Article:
Getting into a top US university is no easy task. You’ll need an excellent academic record and strong extracurricular involvement to be considered for admission. But getting accepted doesn’t have to be all about grades — creativity and passion matter too, which means you can stand out from other applicants with your application essays, personal statements, and letters of recommendation.
Choose a program that’s right for you.
Choosing a program that is right for you is an important step in the application process. It’s important to choose a program that fits your background and interests, but it also has to help you achieve your goals. For example, if you want to work in a particular field after graduation, then choosing a degree program related to that field will make it easier for employers to see how well suited their graduates are for certain jobs.
If cost is an issue when deciding on what program(s) of study are right for you:
- Consider whether there are scholarships available through the university or organizations like Fulbright International Scholarship Program or Teach Abroad Scholarships which can help fund part or all of your tuition costs while studying abroad
Create a college-ready application.
- Create a college-ready application.
- Write a personal statement that is relevant to the program you are applying to.
- Make sure your essay is well-written and addresses the prompt, or topic asked for in the application.
- Prepare to answer questions about your application during interviews with admissions officers if necessary.
Write a stellar personal statement and essay.
In addition to your academic qualifications, the admission committee wants to know who you are. This is where your personal statement comes in. The personal statement should be written in first person and should focus on two things: why you want to study at that particular university and how it will help you achieve your career goals.
It’s important not to exaggerate or make false claims about yourself; if anything, err on the side of modesty because many applicants tend to overstate their accomplishments (e.g., “I’m an expert skier”). Instead of saying things like “I was valedictorian” or “I was captain of my high school soccer team,” include specific examples from when these experiences took place (e.g., “I worked hard throughout my four years as a member of our school’s debate team…”). Finally, avoid clichés such as “my passion for learning has led me down this path.”
Get involved in research while getting your bachelor’s degree.
Getting involved in research while you’re getting your bachelor’s degree is a great way to build up your resume, gain valuable skills and experience, and make connections. It can also be helpful for applying to graduate programs later on.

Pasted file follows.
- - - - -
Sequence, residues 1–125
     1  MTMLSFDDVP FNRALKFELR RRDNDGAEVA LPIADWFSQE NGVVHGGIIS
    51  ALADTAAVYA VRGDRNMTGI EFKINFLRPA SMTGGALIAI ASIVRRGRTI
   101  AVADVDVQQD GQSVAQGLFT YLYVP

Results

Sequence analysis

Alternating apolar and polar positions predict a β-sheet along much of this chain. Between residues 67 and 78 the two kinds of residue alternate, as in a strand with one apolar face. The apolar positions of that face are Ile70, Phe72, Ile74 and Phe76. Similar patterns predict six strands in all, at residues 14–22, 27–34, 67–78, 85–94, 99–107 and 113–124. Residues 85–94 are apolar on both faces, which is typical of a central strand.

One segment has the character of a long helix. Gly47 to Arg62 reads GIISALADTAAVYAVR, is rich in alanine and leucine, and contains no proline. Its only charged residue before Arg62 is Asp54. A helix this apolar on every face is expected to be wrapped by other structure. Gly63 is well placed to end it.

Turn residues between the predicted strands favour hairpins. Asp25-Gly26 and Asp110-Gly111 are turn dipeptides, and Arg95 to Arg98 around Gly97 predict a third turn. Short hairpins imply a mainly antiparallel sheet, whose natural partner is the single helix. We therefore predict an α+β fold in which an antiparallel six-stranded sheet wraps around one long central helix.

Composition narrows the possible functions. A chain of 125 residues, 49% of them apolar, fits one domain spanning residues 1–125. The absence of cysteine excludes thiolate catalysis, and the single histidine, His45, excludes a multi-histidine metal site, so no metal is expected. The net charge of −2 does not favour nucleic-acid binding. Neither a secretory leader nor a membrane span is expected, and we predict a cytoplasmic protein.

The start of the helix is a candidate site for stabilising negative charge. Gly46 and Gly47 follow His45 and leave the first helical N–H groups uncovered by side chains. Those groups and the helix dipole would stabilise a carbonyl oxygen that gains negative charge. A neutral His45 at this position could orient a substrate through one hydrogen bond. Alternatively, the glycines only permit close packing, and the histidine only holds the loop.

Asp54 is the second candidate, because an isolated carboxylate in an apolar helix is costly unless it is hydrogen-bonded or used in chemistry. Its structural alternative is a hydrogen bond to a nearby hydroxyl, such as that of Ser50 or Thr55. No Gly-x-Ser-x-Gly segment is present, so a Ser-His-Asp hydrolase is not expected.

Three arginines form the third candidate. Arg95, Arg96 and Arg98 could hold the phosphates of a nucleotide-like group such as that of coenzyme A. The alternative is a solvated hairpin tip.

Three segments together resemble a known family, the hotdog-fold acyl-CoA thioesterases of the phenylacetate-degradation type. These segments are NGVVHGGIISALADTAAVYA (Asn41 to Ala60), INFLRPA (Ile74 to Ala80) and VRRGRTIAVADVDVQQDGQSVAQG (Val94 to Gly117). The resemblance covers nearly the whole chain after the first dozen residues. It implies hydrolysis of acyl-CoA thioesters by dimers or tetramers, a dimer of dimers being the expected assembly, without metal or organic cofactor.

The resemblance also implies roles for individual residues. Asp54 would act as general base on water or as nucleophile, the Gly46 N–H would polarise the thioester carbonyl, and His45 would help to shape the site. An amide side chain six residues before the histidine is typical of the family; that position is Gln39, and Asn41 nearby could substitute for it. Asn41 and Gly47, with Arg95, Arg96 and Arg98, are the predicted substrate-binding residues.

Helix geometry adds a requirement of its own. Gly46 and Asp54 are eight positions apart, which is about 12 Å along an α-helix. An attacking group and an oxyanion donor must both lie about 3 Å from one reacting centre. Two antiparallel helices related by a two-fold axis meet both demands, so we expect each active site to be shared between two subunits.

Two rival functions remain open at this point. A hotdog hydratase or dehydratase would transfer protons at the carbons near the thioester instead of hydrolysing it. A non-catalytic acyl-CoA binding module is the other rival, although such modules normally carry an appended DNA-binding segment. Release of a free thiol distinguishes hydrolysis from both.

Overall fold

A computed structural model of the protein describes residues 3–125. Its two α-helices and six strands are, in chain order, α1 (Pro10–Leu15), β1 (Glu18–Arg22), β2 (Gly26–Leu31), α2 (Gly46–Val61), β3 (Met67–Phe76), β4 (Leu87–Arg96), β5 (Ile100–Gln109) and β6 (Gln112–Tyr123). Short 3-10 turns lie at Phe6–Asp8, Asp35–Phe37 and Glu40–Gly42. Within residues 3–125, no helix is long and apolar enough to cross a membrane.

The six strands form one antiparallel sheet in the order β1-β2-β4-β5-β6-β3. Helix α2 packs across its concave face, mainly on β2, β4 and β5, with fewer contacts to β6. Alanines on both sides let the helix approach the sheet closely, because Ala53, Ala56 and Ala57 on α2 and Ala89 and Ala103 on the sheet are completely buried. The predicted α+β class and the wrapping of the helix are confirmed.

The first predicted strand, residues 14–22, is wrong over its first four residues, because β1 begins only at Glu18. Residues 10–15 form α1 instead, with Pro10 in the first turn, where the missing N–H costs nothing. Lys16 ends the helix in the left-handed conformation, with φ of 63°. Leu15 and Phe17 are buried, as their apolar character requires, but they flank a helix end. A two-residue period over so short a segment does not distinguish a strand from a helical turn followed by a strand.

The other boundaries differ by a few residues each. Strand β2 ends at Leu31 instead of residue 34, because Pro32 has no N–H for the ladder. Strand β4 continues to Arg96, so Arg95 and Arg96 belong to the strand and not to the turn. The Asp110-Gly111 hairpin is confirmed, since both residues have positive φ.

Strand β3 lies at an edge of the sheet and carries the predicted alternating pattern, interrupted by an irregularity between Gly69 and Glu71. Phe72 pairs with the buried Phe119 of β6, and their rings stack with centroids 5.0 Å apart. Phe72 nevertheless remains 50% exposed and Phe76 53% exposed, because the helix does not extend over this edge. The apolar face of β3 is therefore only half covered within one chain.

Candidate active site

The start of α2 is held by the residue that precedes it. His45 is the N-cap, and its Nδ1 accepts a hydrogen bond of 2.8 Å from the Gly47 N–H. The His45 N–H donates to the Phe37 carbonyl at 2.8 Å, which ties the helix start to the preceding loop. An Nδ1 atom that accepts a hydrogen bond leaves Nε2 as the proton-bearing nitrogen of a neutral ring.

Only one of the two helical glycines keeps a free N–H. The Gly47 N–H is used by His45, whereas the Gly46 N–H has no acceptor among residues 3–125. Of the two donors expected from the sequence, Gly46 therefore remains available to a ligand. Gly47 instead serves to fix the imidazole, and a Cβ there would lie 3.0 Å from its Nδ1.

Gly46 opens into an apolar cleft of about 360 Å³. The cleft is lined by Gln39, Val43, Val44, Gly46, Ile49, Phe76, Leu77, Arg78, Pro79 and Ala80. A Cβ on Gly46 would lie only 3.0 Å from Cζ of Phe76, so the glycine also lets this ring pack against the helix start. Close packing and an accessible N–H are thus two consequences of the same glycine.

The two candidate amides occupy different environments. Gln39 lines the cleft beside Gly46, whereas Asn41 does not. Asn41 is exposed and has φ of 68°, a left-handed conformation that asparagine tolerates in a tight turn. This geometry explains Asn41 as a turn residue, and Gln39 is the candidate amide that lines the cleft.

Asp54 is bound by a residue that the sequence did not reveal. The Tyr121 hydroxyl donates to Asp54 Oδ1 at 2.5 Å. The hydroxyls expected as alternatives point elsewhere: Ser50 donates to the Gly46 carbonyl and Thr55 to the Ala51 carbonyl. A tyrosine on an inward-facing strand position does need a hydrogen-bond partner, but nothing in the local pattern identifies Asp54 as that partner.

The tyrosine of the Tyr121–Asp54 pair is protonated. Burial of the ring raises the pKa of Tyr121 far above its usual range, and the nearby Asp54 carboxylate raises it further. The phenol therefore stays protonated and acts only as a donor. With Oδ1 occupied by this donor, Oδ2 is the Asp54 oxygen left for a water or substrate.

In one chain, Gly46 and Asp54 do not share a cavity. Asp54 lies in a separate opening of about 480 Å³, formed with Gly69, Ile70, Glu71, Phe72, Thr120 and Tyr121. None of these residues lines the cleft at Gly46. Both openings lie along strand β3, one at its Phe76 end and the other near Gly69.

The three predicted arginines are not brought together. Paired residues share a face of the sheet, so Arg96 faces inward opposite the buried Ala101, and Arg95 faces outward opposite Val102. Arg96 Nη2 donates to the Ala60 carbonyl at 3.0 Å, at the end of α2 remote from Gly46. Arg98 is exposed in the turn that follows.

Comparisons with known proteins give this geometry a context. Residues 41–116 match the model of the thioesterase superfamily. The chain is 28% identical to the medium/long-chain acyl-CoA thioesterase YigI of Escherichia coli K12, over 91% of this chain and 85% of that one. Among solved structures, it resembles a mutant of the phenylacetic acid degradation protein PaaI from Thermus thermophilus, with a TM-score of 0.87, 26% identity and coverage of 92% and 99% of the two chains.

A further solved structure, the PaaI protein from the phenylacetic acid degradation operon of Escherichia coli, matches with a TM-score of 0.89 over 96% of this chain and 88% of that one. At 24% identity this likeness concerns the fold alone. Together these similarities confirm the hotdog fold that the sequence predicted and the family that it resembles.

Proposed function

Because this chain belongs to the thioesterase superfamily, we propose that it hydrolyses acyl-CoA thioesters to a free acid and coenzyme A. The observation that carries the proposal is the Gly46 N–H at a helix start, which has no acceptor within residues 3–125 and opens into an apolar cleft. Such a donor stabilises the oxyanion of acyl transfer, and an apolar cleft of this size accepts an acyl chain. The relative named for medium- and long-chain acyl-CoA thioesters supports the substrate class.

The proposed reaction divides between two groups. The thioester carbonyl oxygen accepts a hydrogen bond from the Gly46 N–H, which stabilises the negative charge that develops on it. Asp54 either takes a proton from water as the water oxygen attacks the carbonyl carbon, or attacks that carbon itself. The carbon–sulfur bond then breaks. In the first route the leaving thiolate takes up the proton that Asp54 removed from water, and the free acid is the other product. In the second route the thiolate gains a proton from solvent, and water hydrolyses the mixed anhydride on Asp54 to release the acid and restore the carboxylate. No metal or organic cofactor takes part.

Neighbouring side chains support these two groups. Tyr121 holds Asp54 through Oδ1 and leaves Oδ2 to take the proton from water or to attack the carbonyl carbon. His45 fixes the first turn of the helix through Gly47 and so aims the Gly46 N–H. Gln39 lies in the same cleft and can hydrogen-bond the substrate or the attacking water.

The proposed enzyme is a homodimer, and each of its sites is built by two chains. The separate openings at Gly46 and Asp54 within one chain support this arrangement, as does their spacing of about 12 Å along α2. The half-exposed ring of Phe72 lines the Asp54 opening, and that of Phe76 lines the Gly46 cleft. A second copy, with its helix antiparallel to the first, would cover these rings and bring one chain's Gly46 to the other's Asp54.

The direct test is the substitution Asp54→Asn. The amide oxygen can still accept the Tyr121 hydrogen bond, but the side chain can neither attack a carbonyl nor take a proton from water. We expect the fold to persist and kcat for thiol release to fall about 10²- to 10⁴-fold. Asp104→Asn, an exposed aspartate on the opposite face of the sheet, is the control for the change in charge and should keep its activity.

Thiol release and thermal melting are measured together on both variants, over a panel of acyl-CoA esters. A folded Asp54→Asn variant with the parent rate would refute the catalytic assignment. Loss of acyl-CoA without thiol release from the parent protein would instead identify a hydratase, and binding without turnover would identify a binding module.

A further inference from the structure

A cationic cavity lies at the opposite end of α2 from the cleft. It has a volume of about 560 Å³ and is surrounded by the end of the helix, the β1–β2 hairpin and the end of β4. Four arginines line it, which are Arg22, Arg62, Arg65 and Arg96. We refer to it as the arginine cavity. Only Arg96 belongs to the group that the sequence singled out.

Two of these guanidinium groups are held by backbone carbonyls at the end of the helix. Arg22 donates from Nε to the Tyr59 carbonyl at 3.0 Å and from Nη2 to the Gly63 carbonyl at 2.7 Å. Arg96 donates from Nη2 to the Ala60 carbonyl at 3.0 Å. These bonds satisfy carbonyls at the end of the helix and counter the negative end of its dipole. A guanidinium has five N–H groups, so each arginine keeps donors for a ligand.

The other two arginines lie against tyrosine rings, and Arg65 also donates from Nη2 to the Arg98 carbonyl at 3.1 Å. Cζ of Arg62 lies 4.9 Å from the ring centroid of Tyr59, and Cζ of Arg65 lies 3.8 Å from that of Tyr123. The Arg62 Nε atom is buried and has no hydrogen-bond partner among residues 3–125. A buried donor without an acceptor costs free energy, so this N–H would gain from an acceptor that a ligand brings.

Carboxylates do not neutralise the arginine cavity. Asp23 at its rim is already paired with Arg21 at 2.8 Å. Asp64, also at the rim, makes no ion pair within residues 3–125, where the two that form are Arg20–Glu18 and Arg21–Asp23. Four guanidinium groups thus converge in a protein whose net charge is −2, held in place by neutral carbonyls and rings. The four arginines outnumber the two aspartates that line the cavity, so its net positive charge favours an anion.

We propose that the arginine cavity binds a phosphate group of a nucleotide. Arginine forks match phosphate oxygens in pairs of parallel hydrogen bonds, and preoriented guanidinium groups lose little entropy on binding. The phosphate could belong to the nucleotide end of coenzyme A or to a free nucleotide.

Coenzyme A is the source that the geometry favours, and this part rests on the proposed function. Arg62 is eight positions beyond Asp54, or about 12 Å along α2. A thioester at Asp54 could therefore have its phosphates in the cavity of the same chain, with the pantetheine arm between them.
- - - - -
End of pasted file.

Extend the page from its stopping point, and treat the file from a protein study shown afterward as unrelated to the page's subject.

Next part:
Getting involved in research can be as simple as completing an independent study with a professor or becoming an assistant for someone who does research at the university (for example, if they need help collecting data). If there isn’t anyone at the school who does what you want to do or if there aren’t any opportunities available for students at all levels, don’t despair! There are plenty of ways to find opportunities outside of campus:
- Look online for local companies that offer internships or volunteer positions where they work with scientists who are conducting studies related to their field of interest. This could include environmental organizations like The Nature Conservancy; technology companies like IBM Research Labs; medical institutions such as Duke University Hospital Center – Durham Division which has its own Clinical Trials Program (CTP); pharmaceutical firms such as Pfizer Inc.; nonprofit organizations such as United States Environmental Protection Agency – Office Of Research & Development
Find ways to prepare for standardized tests like the GRE and TOEFL.
If you’re applying to a top-ranked university, it’s likely that the GRE or TOEFL is required. If you are not a native English speaker and are planning on studying in the United States, then taking the TOEFL may be necessary as well.
- In order for your application to be considered complete by most universities, it must include your standardized test scores (or proof that you haven’t taken them yet). The only exception is if your undergraduate GPA is 3.5 or higher and all of your other grades were A’s or B’s; in this case, sending in transcripts will suffice.
- Many people who take these tests have never done so before–so if this sounds like you and/or if studying seems overwhelming at first glance (it can!), practice! There are plenty of free resources online where students share tips with each other about how best prepare themselves for both exams: try searching “[test name] prep” plus “[your city] university name” on Google; there may even be local tutoring centers near where you live that offer affordable sessions specifically geared towards helping international students prepare themselves adequately enough so as not fall short during admissions season later down road when applying elsewhere would require new sets paperwork due lack thereof documentation needed beforehand.”
Top universities require students to meet certain requirements for admission, so prepare yourself early by choosing the right program and taking advantage of opportunities throughout your school career and summer vacations.
- Choose a program that’s right for you.
- Create a college-ready application.
- Write a stellar personal statement and essay.
- Get involved in research while getting your bachelor’s degree.
- Find ways to prepare for standardized tests like the GRE or TOEFL
If you want to get into a top university, you need to do your research and be prepared early. We hope this article has given you some insight into what it takes to get admitted into one of these schools and how best to prepare yourself for success.